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Same-Sex Marriage Laws are Entitled
to Full Faith and Credit

by Martin L. Haines
© 2002, Martin L. Haines

New Jersey does not recognize same-sex civil marriages. Neither do the other 49 states. Two states, Hawaii and Vermont, have come close. The Supreme Courts of both have held that same-sex marriages are entitled to the equal protection provided by their constitutions and that restrictions applying to those marriages, but not to others, were unlawful. Baehr v. Miike, 852 P2d 44 (Haw. 1993), and Baker v. Vermont, No. 98-032 (1998).

The Hawaii decision was reversed in 1999 as the result of a constitutional amendment. Vermont, however, adopted legislation authorizing “civil unions” that provide same-sex couples with nearly all the benefits enjoyed by heterosexual couples.

New Jersey is moving closer to recognition as its courts decide related issues. Examples: In 2000, its Supreme Court decided V.C. v. M.J.B., A -111, involving two women who once had a committed relationship, with children, akin to a marriage. M.J.B. was the children’s biological mother. Eventually, the couple separated and M.J.B. refused to let V.C. visit the children. V.C. sued and the Court, applying the best-interest-of-the-children test, awarded limited visitation to her.

In 2001, the Appellate Division, in In re the Name Change Application of Jill Iris Bacharach, A-0456-00T3, held that she had the right to change her last name to Bacharach-Bordman, thus adding her life-partner’s name to her own.

The trial judge had refused the application on the ground that approval would amount to recognition of a same-sex marriage, contrary to New Jersey law. The Appellate Division told him in effect that same-sex marriage was none of his business in a name-change case.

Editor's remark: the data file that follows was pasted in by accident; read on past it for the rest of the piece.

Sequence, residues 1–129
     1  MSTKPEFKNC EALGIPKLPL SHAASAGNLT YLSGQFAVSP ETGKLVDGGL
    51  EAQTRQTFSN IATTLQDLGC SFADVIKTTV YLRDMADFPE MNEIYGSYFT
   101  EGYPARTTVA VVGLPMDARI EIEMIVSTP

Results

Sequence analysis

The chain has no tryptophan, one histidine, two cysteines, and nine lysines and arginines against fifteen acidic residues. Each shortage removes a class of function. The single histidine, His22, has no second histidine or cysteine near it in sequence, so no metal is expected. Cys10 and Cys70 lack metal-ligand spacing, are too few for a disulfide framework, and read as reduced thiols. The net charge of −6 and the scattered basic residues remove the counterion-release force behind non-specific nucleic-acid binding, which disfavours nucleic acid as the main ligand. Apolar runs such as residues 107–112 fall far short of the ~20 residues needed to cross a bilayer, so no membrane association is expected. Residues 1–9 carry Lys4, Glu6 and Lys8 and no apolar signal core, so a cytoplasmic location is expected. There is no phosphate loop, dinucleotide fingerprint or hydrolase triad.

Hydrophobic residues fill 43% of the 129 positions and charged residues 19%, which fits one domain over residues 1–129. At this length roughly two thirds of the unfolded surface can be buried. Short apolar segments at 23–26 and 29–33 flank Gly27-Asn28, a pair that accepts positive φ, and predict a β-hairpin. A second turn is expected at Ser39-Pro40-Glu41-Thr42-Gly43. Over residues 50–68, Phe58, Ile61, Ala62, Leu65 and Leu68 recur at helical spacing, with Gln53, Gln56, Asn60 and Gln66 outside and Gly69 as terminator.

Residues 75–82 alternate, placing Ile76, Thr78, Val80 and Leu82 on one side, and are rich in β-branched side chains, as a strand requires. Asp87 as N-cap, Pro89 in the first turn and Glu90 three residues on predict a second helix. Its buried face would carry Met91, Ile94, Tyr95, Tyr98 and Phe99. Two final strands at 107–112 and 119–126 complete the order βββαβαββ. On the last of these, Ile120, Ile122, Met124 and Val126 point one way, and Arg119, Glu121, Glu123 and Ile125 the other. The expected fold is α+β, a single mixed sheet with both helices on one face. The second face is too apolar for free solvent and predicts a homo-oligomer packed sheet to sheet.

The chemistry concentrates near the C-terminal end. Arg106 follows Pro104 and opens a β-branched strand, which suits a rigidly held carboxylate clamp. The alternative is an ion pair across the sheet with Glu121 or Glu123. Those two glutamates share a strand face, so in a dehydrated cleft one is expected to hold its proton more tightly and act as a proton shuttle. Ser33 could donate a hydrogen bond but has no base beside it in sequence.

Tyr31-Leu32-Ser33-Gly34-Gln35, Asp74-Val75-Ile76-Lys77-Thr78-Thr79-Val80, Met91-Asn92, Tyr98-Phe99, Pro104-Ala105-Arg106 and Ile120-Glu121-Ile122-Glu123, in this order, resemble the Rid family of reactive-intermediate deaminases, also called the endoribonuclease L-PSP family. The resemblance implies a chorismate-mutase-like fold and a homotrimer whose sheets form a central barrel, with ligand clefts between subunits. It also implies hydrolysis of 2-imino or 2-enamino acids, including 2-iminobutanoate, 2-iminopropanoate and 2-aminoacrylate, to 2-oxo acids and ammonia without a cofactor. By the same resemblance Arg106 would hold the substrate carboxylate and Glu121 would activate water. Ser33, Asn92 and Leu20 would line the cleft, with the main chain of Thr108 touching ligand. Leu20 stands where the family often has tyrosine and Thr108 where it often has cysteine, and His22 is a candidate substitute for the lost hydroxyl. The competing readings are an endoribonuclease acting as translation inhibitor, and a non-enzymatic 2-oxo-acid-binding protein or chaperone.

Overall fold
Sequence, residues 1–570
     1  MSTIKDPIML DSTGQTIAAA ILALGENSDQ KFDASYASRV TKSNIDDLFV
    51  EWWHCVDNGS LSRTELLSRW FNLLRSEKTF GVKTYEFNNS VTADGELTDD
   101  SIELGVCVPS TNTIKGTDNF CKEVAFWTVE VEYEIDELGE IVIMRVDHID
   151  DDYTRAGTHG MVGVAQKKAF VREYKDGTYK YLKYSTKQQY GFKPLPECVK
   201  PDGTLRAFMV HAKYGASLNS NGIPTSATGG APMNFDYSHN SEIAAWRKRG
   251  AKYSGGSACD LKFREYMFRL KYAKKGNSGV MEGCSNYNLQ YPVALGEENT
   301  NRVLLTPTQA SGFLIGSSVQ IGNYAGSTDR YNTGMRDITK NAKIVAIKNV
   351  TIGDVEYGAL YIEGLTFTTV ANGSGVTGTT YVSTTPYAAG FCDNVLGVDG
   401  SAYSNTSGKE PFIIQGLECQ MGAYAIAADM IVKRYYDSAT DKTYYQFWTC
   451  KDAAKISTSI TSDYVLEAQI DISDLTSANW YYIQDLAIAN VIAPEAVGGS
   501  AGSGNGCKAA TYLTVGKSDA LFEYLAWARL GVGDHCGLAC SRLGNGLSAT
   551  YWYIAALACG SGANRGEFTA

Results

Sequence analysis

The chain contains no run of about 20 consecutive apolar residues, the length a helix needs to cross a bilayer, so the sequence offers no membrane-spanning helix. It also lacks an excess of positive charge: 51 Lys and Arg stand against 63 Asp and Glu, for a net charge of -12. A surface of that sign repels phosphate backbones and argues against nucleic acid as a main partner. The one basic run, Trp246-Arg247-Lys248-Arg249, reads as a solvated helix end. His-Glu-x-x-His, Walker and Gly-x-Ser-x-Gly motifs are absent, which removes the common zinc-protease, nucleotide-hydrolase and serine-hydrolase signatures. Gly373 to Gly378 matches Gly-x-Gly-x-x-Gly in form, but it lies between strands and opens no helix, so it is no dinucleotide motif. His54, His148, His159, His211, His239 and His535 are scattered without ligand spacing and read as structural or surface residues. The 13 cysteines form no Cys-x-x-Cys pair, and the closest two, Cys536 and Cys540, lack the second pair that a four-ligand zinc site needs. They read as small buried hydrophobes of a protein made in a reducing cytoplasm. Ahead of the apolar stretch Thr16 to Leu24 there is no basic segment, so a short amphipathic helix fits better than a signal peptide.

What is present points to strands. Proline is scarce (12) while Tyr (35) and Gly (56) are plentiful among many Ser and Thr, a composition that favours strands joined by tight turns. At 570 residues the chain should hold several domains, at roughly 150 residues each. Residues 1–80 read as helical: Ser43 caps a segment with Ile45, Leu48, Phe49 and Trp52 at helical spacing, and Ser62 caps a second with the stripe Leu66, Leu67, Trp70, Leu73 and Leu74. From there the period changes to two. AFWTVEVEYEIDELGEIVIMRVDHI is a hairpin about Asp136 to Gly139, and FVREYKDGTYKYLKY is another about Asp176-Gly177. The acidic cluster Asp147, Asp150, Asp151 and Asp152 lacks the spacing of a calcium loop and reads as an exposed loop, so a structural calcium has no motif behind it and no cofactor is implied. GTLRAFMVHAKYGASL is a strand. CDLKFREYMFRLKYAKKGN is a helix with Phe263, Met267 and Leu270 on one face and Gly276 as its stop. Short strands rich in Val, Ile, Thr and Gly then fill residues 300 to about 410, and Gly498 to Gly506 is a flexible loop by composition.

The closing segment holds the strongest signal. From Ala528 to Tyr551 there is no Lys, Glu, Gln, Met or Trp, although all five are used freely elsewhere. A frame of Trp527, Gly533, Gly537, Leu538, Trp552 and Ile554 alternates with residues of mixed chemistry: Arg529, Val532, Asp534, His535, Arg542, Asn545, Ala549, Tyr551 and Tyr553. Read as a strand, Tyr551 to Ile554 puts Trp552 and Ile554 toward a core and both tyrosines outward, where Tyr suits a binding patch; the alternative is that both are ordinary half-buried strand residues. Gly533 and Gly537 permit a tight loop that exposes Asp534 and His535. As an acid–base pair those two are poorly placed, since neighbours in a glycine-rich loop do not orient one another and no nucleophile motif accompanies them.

Finally, in In re Adoption of Two Children by H.N.R., 285 N.J. Super. 1 (App. Div. 1995), the court held that children may be adopted by same-sex partners.

Numerous municipalities and business organizations have adopted ordinances and policies permitting the extension of benefits — health coverage, for example — to unmarried employees who have domestic-partnership arrangements. A San Francisco ordinance so providing was upheld by a federal count this year in S.D. Myers v. San Francisco, 97-04463 CW (9th Cir. 2001).

Once again, the movement is toward, not away from, same-sex marriages.

Nevertheless, many movements run in the other direction. Anti-marriage zealots have pressed every state legislature to adopt laws making same-sex marriage illegal. Some have done so; most have not. New Jersey has had anti-marriage legislation pending since 1996. Its fate is uncertain.

The anti-marriage push has been successful in Congress, which passed the Defense of Marriage Act in 1996. The act defines marriage as “a legal union between one man and one woman as husband and wife.” It also provides that no state “shall be required to give effect to any public act, record, or judicial proceeding of any other State … respecting a relationship between persons of the same sex that is treated as a marriage.”

DoMA and a number of state laws are designed to frustrate the application of Article IV, Sec. 1 of the U.S. Constitution which provides that “Full Faith and Credit shall be given in each State to the public Acts, Records, and judicial Proceedings of every other State.”

Opponents of same-sex marriages have been driven by the fear that a “marriage” in one state will have to be honored in every other state. The Supreme Court decisions in Hawaii and Vermont crystallized that fear.

The fear is realistic.

The U.S. Supreme Court has never applied the Full Faith and Credit Clause to a same-sex marriage. No Vermont civil union has been tested by the court of another state, although many out-of-state couples have solidified their unions in Vermont. This history, according to opponents of same-sex marriages, amounts to an interpretation of the clause — one that denies its application to such marriages, a very doubtful proposition.

Vermont’s legislation and the licensing of civil unions are “public acts” reflected in official records. A literal reading of the Full Faith and Credit Clause seems to require its application to them, but the law is otherwise in states having laws or policies opposing same-sex marriages.

For example: “[The Full Faith and Credit clause does not] compel a state to substitute the statutes of other states for its own statutes dealing with a subject matter concerning which it is competent to legislate,” under Pacific Employers v. Industrial Accident Comm., 306 U.S. 493, 501 (1939).